Meet Me in the Bathroom

Meet Me in the Bathroom

Rebirth and Rock and Roll in New York City, 2001-2011

Book - 2017 | First edition.
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Named a Best Book of 2017 by NPR and GQ

Joining the ranks of the classics Please Kill Me, Our Band Could Be Your Life, and Can't Stop Won't Stop, an intriguing oral history of the post-9/11 decline of the old-guard music industry and rebirth of the New York rock scene, led by a group of iconoclastic rock bands.

In the second half of the twentieth-century New York was the source of new sounds, including the Greenwich Village folk scene, punk and new wave, and hip-hop. But as the end of the millennium neared, cutting-edge bands began emerging from Seattle, Austin, and London, pushing New York further from the epicenter. The behemoth music industry, too, found itself in free fall, under siege from technology. Then 9/11/2001 plunged the country into a state of uncertainty and war--and a dozen New York City bands that had been honing their sound and style in relative obscurity suddenly became symbols of glamour for a young, web-savvy, forward-looking generation in need of an anthem.

Meet Me in the Bathroom charts the transformation of the New York music scene in the first decade of the 2000s, the bands behind it--including The Strokes, The Yeah Yeah Yeahs, LCD Soundsystem, Interpol, and Vampire Weekend--and the cultural forces that shaped it, from the Internet to a booming real estate market that forced artists out of the Lower East Side to Williamsburg. Drawing on 200 original interviews with James Murphy, Julian Casablancas, Karen O, Ezra Koenig, and many others musicians, artists, journalists, bloggers, photographers, managers, music executives, groupies, models, movie stars, and DJs who lived through this explosive time, journalist Lizzy Goodman offers a fascinating portrait of a time and a place that gave birth to a new era in modern rock-and-roll.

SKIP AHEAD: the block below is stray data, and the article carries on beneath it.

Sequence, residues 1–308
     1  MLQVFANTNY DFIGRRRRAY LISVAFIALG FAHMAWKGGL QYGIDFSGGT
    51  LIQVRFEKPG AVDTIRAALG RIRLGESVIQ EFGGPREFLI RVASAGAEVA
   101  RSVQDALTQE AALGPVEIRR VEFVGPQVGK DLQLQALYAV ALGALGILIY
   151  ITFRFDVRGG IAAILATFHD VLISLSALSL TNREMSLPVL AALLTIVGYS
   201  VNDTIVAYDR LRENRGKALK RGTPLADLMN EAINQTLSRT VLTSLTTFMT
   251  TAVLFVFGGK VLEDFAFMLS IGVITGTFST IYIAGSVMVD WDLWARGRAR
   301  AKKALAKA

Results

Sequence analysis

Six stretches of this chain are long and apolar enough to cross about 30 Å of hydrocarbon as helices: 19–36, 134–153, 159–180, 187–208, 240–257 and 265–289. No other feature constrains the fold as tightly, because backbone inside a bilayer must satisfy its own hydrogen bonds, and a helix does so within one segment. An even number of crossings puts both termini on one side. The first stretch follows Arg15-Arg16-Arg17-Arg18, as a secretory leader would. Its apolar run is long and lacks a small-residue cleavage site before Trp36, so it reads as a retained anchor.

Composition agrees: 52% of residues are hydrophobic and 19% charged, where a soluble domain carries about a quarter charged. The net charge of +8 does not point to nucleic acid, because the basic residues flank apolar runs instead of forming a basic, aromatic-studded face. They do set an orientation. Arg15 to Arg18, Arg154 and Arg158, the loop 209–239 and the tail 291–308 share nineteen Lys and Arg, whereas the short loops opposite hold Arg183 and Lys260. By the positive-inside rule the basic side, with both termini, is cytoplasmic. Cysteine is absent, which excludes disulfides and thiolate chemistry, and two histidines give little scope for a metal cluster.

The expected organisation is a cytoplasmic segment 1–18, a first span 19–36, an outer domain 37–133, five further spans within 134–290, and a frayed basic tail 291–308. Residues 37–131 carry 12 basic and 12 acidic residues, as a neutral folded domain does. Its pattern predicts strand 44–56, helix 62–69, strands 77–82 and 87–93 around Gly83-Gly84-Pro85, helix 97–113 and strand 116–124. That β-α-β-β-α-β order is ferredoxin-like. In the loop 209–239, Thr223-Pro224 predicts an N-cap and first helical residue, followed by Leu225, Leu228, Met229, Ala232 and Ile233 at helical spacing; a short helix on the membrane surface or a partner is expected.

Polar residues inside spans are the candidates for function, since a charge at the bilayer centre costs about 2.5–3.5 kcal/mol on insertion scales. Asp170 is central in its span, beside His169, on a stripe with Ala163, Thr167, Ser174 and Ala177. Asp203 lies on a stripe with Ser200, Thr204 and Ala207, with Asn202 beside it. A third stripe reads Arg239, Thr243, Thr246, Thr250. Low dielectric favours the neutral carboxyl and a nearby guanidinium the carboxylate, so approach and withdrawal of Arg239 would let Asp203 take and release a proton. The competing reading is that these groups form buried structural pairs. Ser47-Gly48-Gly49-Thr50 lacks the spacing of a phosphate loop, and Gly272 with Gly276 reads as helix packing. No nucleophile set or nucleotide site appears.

Publisher: New York, NY : Dey St., [2017]
Edition: First edition.
Copyright Date: ©2017
ISBN: 9780062233097
Branch Call Number: 781.66097 GOO
Characteristics: xvii, 621 pages :,illustrations


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Nov 02, 2018

Amazing. Reads like a gossip magazine. I wish Ryan Adams got me addicted to smack.

May 15, 2018

"Wait. They don't love you like I love you."-Yeah Yeah Yeahs "Maps"
The early 00's (the aughties?) saw an explosion of guitar-based rock and roll and New York City reclaiming it's position as the epicenter of cool. Sometimes called the rock revival, sometimes called the garage band wave, it was characterized by cool, sharply dressed bands recovering the exuberance and dynamism of punk, new wave, and early rock. With hindsight, it wasn't particularly groundbreaking the way punk or no wave was, but after the awful late 90s era of mook rock, rap rock, and teen pop, it was a breath of fresh air. Lizzy Goodman's book is an extensive oral history of the period and is composed of hundreds of interviews from all the main suspects: the Strokes (whose song gives the book its title), Yeah Yeah Yeahs, Interpol, TV on the Radio, the White Stripes (not from NYC), and, um, the Killers. It doesn't offer a lot of context or critical acumen, but it's very entertaining, especially if you were listening to the music during this period. The take away is that everyone did loads of drugs and Ryan Adams was a bad influence.

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